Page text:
In the for-profit sector, it's more difficult. They have stockholders who constantly demand high rates of return. They don't like to see earnings go down. Credit unions, on the other hand, can continue to serve their members even if they'll make a little less money in the process.

H&FFRC: So should I worry about the money I have in my credit union?

Schenk: There's no need to worry. Savings in every federally insured credit union are backed by the NCUA (National Credit Union Administration), just as savings in banks are backed by the FDIC (Federal Deposit Insurance Corporation). Federal insurance guarantees that the "full faith and credit" of the U.S. government stands behind credit union deposits.

Congress increased the usual insured deposit limit from $100,000 to $250,000. The NCUA made the $250,000 account fund guarantee permanent in 2010. Members need to be aware of what the limits are and how those work. You can ask someone at your credit union for details.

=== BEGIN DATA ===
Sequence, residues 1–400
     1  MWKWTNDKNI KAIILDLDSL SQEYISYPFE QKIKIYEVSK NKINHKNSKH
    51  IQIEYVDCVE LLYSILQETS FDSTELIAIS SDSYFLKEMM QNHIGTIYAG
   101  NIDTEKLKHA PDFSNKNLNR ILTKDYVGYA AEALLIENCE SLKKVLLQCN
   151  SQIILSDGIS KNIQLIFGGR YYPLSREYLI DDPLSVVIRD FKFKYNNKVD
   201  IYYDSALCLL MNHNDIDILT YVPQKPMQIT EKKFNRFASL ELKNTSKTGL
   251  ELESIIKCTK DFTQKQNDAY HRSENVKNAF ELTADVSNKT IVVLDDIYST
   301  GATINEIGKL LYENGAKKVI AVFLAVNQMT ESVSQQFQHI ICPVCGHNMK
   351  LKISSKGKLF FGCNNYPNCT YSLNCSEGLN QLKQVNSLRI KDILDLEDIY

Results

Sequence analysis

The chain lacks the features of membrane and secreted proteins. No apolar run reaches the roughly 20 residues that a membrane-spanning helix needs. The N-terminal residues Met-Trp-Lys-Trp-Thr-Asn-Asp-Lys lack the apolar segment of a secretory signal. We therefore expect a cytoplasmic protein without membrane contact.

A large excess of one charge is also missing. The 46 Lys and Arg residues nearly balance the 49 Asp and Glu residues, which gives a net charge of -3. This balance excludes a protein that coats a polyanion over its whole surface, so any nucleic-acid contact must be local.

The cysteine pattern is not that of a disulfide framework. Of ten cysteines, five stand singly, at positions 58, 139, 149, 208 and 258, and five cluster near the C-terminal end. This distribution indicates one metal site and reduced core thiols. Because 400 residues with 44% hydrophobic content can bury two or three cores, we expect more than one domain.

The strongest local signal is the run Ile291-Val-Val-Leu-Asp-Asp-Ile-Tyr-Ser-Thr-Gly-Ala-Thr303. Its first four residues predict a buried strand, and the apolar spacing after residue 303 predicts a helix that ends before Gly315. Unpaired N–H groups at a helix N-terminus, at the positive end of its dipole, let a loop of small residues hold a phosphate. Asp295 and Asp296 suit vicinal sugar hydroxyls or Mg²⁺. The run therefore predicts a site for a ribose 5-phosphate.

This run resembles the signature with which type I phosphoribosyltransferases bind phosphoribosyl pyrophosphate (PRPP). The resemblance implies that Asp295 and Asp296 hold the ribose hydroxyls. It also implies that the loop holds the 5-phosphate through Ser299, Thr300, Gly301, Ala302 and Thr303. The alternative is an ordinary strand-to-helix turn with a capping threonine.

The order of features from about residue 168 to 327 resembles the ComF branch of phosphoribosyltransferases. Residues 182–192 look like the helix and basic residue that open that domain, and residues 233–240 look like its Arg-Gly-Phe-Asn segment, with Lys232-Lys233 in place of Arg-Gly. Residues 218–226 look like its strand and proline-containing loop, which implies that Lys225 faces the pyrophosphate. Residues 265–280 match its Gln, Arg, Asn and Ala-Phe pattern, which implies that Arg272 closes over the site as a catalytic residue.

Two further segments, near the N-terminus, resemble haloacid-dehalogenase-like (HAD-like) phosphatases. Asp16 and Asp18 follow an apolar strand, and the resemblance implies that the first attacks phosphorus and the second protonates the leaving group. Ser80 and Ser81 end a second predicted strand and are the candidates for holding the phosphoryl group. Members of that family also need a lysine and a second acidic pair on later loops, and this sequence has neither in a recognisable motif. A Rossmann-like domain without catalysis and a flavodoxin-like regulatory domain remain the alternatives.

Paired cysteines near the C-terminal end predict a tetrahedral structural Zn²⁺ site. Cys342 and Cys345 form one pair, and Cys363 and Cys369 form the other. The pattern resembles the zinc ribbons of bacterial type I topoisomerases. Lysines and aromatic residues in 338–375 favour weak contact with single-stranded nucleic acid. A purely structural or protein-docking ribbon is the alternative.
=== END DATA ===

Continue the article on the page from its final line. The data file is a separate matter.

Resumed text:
Credit unions try to avoid doing anything that might harm their members.

H&FFRC: If my total deposits at my credit union exceed the insurance limit, should I move out some of my money?

Schenk: You might consider doing that, but your accounts might be structured in such a way that it isn't even necessary. Otherwise, shop around to compare other institutions where you might put those extra funds. You'll usually find that the best deal is another credit union.

H&FFRC: Sounds as though credit unions are looking good.

Schenk: One interesting factor is that in normal times, the difference between credit unions and other players in the financial marketplace isn't quite as obvious to a lot of people, even though credit unions have clear benefits. In the current economy, credit unions are able to better differentiate themselves in the marketplace—not only to consumers, but also to policymakers.

The credit union difference is more visible now, to everybody. And credit unions are well positioned to do what they do best: help people in times of need.

Mike Schenk is vice president of economics & statistics, Credit Union National Association, Madison, Wis.